middo

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Re: 11 School Shootings in 26 Days
« Reply #845 on: March 26, 2018, 11:08:27 PM »
Interesting continued discussion. I have two follow up questions:

1. If you are supporting banning "assault rifles," I think it's only fair that you define what you are meaning. This is especially to NoStacheOhio who said "because assault rifles aren't just "cosmetic," no matter how many times you say it," but it's also to anyone who would like to answer. I am pretty sure I disagree with your statement, but it's hard to disagree when you haven't put forth anything defining what you mean by it. Note, if you have and I have missed it, my apologies, but I have been keeping up with this thread and can't recall seeing anything other than ban at least AR-15's...maybe....? This is part of the frustration with gun control people because if you can't even define the restrictions you want to implement how can they be taken seriously (and even if they can be defined, they don't ever seem to be in conversation).

...


From a purely Australian perspective I would say an assault weapon is any weapon that can fire without reloading - i.e. semi-automatic or faster.  This would apply to all guns.

gooki

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Re: 11 School Shootings in 26 Days
« Reply #846 on: March 27, 2018, 01:31:27 AM »
Quote
Lets say, of those non-fatal incidents involving a firearm, 14% can be directly attributed to the availability of firearms... that 14% of  these crimes were possible mainly because of firearms, that firearms played a serious role in 14% of the incidents. That is ~57,000 incidents/yr.  Add in homicides... that's about 68000 per year.

Letís say you live to 85 years old. Thatís 5,700,000 incidents over your life time.

If gun violence continues increasing at 6% per year itís 159,000,000 incidents in ones lifetime.

Either scenario seems far to high risk for my liking.

Kris

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Re: 11 School Shootings in 26 Days
« Reply #847 on: March 27, 2018, 06:04:42 AM »
Interesting continued discussion. I have two follow up questions:

1. If you are supporting banning "assault rifles," I think it's only fair that you define what you are meaning. This is especially to NoStacheOhio who said "because assault rifles aren't just "cosmetic," no matter how many times you say it," but it's also to anyone who would like to answer. I am pretty sure I disagree with your statement, but it's hard to disagree when you haven't put forth anything defining what you mean by it. Note, if you have and I have missed it, my apologies, but I have been keeping up with this thread and can't recall seeing anything other than ban at least AR-15's...maybe....? This is part of the frustration with gun control people because if you can't even define the restrictions you want to implement how can they be taken seriously (and even if they can be defined, they don't ever seem to be in conversation).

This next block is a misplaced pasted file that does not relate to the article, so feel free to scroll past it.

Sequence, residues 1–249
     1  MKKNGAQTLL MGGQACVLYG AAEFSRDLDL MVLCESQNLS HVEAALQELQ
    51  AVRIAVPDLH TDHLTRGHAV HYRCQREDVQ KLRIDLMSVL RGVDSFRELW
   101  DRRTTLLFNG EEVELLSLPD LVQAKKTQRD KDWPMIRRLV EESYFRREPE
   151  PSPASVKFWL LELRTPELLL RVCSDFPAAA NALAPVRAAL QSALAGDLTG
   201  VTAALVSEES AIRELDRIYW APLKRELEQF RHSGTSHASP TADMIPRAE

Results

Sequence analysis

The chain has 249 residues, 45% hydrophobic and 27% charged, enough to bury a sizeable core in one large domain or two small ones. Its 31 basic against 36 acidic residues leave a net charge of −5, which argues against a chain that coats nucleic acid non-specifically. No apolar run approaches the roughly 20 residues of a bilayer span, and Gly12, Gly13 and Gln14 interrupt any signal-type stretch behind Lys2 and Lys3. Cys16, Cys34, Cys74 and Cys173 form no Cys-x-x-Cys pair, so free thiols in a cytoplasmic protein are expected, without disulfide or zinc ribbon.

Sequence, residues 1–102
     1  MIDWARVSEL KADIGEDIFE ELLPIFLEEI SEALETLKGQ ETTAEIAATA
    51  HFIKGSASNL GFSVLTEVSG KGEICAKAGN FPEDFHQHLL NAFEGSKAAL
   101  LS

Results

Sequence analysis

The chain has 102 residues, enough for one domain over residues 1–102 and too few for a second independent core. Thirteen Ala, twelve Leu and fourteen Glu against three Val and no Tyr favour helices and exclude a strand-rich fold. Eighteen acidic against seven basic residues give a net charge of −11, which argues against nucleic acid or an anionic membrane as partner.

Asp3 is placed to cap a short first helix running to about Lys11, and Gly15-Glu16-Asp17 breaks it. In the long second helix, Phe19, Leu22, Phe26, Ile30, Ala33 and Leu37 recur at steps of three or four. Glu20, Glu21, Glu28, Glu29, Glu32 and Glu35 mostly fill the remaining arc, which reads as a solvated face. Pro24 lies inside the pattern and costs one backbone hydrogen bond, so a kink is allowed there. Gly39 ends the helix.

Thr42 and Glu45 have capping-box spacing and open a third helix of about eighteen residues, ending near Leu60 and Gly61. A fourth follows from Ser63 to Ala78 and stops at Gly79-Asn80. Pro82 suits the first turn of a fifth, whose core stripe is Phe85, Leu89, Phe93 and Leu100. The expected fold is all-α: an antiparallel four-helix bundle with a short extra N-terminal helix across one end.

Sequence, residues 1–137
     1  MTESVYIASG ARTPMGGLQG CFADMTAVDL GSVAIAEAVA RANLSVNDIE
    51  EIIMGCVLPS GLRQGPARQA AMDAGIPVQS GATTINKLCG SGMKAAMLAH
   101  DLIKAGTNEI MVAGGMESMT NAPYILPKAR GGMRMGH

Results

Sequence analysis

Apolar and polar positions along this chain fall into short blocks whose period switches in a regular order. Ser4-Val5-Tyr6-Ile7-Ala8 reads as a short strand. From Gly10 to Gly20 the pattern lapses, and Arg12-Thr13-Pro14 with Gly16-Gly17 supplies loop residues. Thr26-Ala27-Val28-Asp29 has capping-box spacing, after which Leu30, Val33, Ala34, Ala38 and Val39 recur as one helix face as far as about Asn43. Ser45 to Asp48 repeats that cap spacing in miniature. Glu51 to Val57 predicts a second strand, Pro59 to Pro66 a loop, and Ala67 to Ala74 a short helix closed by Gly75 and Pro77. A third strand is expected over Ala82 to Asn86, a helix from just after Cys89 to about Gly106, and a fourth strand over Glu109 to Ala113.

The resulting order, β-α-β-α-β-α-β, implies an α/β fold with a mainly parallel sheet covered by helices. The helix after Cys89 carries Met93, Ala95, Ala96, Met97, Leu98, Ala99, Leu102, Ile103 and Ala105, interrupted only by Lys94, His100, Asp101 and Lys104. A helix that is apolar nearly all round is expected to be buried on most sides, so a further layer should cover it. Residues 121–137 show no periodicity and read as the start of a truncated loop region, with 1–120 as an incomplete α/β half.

...


From a purely Australian perspective I would say an assault weapon is any weapon that can fire without reloading - i.e. semi-automatic or faster.  This would apply to all guns.

No, thatís not true.

Itís a common trope on the right that ďthe leftĒ doesnít know anything about guns and therefore you canít have a conversation with them about gun control.

But plenty of military veterans are on the side of gun control, and they know that ďassault rifleĒ was a term that came from them.

http://www.capecodtimes.com/opinion/20180226/assault-weapons-have-no-place-with-civilians
« Last Edit: March 27, 2018, 06:11:14 AM by Kris »

NoStacheOhio

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Re: 11 School Shootings in 26 Days
« Reply #848 on: March 27, 2018, 06:51:38 AM »
Interesting continued discussion. I have two follow up questions:

1. If you are supporting banning "assault rifles," I think it's only fair that you define what you are meaning. This is especially to NoStacheOhio who said "because assault rifles aren't just "cosmetic," no matter how many times you say it," but it's also to anyone who would like to answer. I am pretty sure I disagree with your statement, but it's hard to disagree when you haven't put forth anything defining what you mean by it. Note, if you have and I have missed it, my apologies, but I have been keeping up with this thread and can't recall seeing anything other than ban at least AR-15's...maybe....? This is part of the frustration with gun control people because if you can't even define the restrictions you want to implement how can they be taken seriously (and even if they can be defined, they don't ever seem to be in conversation).